On the flip side, I remember waiting with no end in sight for a client to respond to my audit report. I knew they didn’t like what the report said and were doing everything they could to stall its publication. At the time, my office felt like we had to wait as long as it took for them to respond.
I was relieved when a later version of the Yellow Book allowed the auditor to publish without the client’s response after a ‘reasonable amount of time’. If at the front end of the audit, you define what reasonable is (and I recommend that you do this in writing), your wait will officially be over when that date passes.
When you request something from the client or staff, work out a response time with them. Once that time has passed, take the next action, even if it is unpleasant for the client or staff.
What do I mean by unpleasant? Here is an extreme but memorable example: one CFO I worked for asked department heads to turn in their budget by a certain date and when several department heads missed the date, the CFO fired them! Obviously, no one was late sending the budget to the CFO again.
6. Unexplained waits are longer than explained waits
Maybe, just maybe, there is a good reason for your waiting. Empathy for the client’s or the staff’s situation might give you that extra boost of patience that you need. Instead of automatically assuming that the person making you wait has ill intent, put yourself in their shoes for a minute and think of all the reasons they may be slow in their response.
In the Raleigh airport, my plane was delayed by more than an hour, which caused me to stress about my connection in Dallas. But in Raleigh, Southwest doesn’t have those helpful signs and our gate agent never announced what was going on. The anxiety of the passengers was palatable until we got on the plane and a sympathetic flight attendant explained the situation and calmed our nerves.
7. Unfair waits are longer than equitable waits
When it feels like the person you are waiting on is just being thoughtless or even rude, the angst of waiting can turn to anger.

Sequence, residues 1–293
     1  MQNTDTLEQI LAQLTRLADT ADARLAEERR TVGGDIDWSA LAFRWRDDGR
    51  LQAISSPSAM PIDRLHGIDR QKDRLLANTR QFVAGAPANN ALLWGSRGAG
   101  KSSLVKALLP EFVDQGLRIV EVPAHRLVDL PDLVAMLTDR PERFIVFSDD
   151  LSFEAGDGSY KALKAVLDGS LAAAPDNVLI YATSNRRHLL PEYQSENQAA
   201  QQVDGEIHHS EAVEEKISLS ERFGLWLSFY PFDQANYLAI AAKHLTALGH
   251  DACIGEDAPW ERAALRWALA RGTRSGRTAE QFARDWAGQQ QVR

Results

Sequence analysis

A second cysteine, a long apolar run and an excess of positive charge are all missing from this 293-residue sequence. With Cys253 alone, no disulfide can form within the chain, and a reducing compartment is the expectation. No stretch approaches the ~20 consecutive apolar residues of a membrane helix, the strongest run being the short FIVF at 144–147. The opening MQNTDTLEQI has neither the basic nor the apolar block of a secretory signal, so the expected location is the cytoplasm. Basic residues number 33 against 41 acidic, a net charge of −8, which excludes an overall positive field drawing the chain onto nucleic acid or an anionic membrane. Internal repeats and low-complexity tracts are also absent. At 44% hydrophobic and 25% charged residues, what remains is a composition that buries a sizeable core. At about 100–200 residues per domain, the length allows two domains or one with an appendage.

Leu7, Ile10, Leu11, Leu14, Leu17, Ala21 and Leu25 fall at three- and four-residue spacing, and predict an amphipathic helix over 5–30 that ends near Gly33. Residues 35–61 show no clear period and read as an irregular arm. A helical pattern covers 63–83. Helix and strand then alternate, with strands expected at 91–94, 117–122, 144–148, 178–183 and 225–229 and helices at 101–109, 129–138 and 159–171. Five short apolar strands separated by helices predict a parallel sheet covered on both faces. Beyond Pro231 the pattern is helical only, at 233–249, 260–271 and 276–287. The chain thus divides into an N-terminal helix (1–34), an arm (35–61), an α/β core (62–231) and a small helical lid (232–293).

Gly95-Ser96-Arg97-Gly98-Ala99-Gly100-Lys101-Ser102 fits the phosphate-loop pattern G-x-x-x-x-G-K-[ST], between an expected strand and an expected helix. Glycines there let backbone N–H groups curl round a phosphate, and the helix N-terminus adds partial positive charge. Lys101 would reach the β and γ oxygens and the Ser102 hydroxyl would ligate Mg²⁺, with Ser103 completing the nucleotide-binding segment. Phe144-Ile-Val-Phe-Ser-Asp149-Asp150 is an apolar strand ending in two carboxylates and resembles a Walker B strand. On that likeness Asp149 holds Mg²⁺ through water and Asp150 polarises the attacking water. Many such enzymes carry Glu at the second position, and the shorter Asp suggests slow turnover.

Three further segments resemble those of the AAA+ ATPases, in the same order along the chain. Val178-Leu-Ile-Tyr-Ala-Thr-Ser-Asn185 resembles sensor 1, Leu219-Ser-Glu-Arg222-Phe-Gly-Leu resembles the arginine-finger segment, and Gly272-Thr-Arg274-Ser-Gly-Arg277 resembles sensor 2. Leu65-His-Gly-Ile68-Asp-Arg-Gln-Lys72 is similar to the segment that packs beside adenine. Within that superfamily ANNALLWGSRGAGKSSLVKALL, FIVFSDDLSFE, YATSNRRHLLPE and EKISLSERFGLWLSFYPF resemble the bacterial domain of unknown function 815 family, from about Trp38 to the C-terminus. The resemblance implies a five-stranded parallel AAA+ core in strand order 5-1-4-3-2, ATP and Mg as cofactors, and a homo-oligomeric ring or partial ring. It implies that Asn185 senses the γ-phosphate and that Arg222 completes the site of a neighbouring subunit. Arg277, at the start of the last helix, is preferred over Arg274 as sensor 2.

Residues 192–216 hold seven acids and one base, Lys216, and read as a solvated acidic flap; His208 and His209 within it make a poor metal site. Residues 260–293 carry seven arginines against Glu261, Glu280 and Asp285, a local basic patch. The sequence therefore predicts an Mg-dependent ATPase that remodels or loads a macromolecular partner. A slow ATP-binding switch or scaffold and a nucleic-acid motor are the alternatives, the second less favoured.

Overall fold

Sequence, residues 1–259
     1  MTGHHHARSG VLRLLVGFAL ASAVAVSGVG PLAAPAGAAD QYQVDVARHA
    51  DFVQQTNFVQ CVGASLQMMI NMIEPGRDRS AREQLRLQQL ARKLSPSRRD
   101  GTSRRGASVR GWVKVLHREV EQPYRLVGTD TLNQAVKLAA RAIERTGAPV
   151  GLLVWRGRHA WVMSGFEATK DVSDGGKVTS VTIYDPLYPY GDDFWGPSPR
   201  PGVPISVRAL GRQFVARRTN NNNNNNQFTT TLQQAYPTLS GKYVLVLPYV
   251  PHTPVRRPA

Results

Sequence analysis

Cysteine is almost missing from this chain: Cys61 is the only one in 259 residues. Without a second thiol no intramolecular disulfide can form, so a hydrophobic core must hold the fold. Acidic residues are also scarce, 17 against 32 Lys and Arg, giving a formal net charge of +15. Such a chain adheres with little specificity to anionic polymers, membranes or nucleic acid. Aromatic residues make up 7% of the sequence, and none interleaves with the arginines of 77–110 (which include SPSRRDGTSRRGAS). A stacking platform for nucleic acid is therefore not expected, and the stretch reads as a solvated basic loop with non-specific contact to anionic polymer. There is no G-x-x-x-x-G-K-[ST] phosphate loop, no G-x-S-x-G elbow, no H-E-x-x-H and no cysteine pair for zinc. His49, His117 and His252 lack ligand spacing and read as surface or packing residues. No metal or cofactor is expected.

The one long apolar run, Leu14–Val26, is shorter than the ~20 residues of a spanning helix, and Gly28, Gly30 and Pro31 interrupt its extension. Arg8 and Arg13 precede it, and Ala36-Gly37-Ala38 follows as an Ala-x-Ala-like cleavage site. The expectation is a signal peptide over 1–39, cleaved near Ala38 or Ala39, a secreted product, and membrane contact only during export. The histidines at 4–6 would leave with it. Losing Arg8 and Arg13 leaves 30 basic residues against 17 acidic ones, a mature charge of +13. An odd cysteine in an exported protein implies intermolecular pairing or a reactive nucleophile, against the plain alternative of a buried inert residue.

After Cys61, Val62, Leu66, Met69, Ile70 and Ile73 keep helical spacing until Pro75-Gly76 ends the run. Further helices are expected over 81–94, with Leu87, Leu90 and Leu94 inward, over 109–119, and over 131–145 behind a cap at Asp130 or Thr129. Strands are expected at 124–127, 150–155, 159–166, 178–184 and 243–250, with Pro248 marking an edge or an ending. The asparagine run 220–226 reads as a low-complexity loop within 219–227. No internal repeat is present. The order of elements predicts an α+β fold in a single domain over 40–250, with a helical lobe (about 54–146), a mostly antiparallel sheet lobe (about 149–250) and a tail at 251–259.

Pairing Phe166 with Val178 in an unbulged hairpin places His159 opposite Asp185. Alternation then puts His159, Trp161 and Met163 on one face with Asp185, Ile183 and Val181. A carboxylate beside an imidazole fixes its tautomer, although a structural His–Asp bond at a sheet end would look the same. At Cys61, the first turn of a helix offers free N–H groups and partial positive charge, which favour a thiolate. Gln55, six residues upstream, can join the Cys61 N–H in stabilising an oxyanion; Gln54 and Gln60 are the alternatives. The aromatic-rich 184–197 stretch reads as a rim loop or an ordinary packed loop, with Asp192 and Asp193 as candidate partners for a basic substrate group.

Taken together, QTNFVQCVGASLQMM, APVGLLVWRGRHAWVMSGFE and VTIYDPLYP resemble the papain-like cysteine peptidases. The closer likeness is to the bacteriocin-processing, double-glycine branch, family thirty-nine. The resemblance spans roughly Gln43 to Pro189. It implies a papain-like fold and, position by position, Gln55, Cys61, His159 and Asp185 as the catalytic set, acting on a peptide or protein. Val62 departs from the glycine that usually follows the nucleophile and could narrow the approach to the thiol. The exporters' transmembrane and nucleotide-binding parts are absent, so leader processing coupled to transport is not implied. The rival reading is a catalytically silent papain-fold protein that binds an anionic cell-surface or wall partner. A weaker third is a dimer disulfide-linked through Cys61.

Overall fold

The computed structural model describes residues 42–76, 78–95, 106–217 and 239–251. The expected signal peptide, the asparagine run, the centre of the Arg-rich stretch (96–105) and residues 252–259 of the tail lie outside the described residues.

Expressing anger in the workplace is risky, but not saying anything is risky, too. Suppressing anger can be likened to trying to keep a large inflated beach ball under water. Keeping the ball suppressed is hard work, and when it pops up, it will be hard to control.
When it comes time to speak up, remember, there is a difference between being passive, passive aggressive, aggressive, and assertive. Assertive is what you are going for.
8. Solo waiting feels longer than group waiting
You will feel better if you know that you aren’t the only one waiting. Misery does love company.
In order to find out if you are being singled out, you will have to establish friendly relationships with others who are waiting or people who are in the know.
Yes, inquiring as to whether anyone else is waiting might feel a little gossipy, so you have to weigh the shame you will feel if someone thinks you are a gossip against the anxiety you are feeling because you don’t know what is going on.
And that wraps up the eight principles of waiting.
But I have one more thing to share: Whatever you do, do NOT pray for patience. Why? Because you will be presented with a series of super-challenging opportunities to be patient! Patience is a muscle that must be strengthened. In other words, nothing will work right until your prayer is answered and you learn how to transcend frustrating moments and stay calm. Praying for patience is only a good plan if your goal is to be formally recognized as a saint. Personally, I am not on that path.
Want to learn more about time management? Join me for Leading an Audit Project in Austin July 30 & 31.